High Intensity Interval Training: A Bonafide Fountain of Youth

Regular readers will recall that along with wealth and wisdom, health is one of the three pillars of a good life. How you feel is the foundation for all you do. When you feel good and have lots of energy, you are free to be awesome. A good fitness routine is like good personal finance. It’s a daily investment that compounds over time into an amazing result. In the last several posts, I discussed that your body is a machine, and an at-home workout is like a silver bullet for getting you fit. Now it’s time to turn to some specifics of what to actually do. High intensity interval training (HIIT) is a method of exercise that maximizes your exercise efficiency and can even turn back the clock.

The Slow Decline

I admit it, I don’t like getting older. I’m creeping up on my mid-forties. Like most, I thought middle age would never come. I still feel really good, but there are a few tell-tale signs that I’m not the strapping young buck I used to be. Fine print is getting harder to read. My knees will feel a bit sore after a long hike. A couple of years ago, I broke my foot playing a pickup game of basketball. People around me told me that I was too old for that, and I was starting to believe them. On top of that, a body composition analysis, showed I was becoming “skinny fat” (skinny by outward appearance with a flabby belly and internal fat).

My mindset was that this is just what happens to everyone–just go with the flow. I would keep doing my occasional jog around the neighborhood. I figured as long as I was not overweight, I was fine. The problem is that my knees began to hurt when I ran or walked downhill. I started to have pain in my left shoulder when lifting things, and I would get a warning pain in my back if I bent over. Was that just how life was going to be from now on?

One day, I was talking to a friend who is a few years older, who had been having trouble with his back. The last time we had talked, he was worried that he was doomed to chronic pain and/or surgery. When I asked about how he was doing, he said everything had changed. He said he could do things that he thought he would never do again. Now he could hike, snow ski, water ski without pain. He felt stronger and fitter than he had ever been. I asked him what had made the difference. He told me that he had been doing some home workout routines that had changed everything. I was intrigued.

HIIT-Not Your Father’s Jog Around the Track

I grew up in the age of jogging. That’s what everyone did. All of the thinking was that you should do moderate aerobic exercise for a long period (aka steady-state cardio). Sure, if you were young and on a sports team, you would do strength training, but after that, jogging seemed to be the default exercise. The proliferation of treadmills is a testament to how this approach has permeated our culture. Don’t get me wrong, I think jogging is a perfectly good activity. It’s good for your heart. It clears the mind. It deserves a place at the exercise table. However, since it is so repetitive, your muscles can stop responding to it. They get very efficient at that slow, steady movement. There’s not much upper body or core muscle challenge.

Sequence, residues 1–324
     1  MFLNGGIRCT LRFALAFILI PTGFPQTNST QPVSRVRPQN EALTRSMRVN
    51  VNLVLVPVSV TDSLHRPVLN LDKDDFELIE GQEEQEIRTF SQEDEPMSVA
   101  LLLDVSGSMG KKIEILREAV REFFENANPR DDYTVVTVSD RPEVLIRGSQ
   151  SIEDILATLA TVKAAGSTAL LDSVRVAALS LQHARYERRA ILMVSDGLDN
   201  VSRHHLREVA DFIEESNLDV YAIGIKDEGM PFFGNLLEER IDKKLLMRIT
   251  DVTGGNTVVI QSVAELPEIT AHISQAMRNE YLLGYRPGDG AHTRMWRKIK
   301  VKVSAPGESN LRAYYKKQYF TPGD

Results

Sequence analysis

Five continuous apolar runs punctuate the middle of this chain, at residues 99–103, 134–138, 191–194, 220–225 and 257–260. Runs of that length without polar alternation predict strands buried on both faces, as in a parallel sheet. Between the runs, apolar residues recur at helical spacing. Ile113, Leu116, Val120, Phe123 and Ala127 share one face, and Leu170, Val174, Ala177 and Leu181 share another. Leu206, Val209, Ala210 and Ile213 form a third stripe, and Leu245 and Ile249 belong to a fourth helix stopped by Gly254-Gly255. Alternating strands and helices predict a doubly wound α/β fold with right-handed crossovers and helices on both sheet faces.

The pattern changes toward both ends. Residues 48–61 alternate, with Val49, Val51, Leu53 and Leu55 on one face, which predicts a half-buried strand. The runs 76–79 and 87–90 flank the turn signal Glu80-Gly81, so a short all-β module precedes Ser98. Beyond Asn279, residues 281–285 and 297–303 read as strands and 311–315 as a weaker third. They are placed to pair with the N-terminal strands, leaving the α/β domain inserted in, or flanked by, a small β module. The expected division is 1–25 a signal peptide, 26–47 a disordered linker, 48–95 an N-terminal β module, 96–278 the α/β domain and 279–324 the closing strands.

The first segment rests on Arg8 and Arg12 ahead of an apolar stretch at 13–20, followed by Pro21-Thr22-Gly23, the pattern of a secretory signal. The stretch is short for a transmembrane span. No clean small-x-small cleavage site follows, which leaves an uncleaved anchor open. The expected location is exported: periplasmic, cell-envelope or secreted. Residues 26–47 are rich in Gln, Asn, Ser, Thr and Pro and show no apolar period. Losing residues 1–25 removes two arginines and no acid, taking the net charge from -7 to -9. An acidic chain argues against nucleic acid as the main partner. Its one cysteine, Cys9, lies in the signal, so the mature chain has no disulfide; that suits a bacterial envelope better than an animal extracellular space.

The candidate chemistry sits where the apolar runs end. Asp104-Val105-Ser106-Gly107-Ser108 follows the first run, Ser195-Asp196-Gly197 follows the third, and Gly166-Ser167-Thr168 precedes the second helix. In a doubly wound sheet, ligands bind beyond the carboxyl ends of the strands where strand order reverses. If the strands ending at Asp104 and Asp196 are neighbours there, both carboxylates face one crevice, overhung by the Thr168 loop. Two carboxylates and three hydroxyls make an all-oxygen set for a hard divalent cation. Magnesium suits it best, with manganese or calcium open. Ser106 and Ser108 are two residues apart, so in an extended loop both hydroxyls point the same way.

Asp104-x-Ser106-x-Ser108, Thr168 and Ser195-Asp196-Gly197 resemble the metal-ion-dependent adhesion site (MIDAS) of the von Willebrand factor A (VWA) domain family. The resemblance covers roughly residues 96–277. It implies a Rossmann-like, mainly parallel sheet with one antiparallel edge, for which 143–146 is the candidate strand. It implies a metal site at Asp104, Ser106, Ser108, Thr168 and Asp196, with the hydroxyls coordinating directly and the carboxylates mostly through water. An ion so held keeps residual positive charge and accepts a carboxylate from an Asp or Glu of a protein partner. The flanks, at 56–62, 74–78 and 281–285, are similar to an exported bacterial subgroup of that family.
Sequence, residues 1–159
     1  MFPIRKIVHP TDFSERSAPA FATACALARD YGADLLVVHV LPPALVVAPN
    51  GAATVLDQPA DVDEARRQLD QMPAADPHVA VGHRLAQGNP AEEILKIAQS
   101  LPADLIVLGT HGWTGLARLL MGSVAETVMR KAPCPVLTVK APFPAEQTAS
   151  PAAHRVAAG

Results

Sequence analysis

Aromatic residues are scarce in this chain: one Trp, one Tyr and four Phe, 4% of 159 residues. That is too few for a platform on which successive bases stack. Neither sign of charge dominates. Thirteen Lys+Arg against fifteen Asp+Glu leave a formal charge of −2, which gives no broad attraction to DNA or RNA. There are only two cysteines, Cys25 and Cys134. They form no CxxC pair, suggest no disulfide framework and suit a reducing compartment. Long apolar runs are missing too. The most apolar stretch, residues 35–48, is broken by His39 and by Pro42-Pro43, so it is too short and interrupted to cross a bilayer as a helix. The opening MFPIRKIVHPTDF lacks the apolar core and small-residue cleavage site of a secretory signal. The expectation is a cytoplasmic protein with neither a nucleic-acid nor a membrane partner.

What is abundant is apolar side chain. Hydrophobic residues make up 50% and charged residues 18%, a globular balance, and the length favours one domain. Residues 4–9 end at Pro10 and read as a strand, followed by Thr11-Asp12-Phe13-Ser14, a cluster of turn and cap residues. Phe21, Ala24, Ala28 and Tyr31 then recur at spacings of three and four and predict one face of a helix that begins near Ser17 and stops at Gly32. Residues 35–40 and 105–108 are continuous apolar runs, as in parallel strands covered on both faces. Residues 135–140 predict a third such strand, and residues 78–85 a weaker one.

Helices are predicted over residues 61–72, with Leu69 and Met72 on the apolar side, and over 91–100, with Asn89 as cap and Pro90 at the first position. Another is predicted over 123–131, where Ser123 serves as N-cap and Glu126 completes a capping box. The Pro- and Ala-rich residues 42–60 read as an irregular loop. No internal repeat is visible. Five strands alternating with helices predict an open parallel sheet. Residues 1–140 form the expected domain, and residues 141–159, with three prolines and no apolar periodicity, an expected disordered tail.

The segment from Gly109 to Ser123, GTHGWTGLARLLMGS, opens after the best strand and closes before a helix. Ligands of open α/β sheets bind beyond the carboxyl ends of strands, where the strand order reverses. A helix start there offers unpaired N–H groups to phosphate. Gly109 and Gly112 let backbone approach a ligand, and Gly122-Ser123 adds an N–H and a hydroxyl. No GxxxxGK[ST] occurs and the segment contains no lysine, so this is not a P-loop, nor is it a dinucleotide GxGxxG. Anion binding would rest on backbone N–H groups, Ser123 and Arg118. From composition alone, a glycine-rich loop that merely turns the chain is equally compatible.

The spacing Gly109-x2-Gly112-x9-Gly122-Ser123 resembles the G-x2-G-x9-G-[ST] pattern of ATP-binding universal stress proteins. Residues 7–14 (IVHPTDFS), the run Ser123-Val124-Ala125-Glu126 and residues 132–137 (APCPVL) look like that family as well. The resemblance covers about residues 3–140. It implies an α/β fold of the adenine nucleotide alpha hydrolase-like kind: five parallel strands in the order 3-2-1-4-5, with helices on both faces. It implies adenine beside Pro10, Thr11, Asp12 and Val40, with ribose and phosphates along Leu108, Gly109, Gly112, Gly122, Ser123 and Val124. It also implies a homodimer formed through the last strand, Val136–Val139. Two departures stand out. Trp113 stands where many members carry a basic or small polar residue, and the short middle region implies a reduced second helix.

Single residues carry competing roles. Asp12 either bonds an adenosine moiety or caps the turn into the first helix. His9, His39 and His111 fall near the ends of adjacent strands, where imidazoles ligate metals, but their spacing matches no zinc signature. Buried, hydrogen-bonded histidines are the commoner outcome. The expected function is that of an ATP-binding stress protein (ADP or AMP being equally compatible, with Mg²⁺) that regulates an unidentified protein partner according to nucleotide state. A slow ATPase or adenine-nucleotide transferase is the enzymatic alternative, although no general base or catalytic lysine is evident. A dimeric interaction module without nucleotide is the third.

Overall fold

Furthermore, recent research has shown that it may not be the most efficient or effective approach to overall fitness–at least not by itself. Since I’m all about optimization, I want to do the things that will give me the best results for the least amount of time–the biggest bang for the buck if you will. Enter HIIT.

High Intensity Interval Training (HIIT) is a system of short duration, high-intensity exercise intervals intermingled with periods of lower intensity active recovery. While the concepts have been around at least back to the 1970s, this approach is being more widely studied and is gaining in popularity. A recent article in the scientific journal Cell Metabolism showed that HIIT type exercise has significant positive affects on the machinery at the cellular level.

Turning Back the Clock

Let’s jump back to your high school biology class to see what’s going on. Recall that your cells are little protein factories, and proteins are the components of muscle and lots of other important tissues and functions. Remember the key players:

  • DNA contains the instructions for how to build proteins
  • RNA is the mobile transcribed copy of the instructions
  • Ribosomes are the structures that “read” the RNA instructions and actually build the proteins from building blocks called amino acids
  • Proteins go out and do the function of the cell. One of the most important proteins is the mitochondria (aka the “powerhouse” of the cell)

So the researchers wanted to know what impact different exercises had on these cellular factories. It turns out that HIIT and resistance training (RT) had much greater effects than moderate intensity aerobic exercise.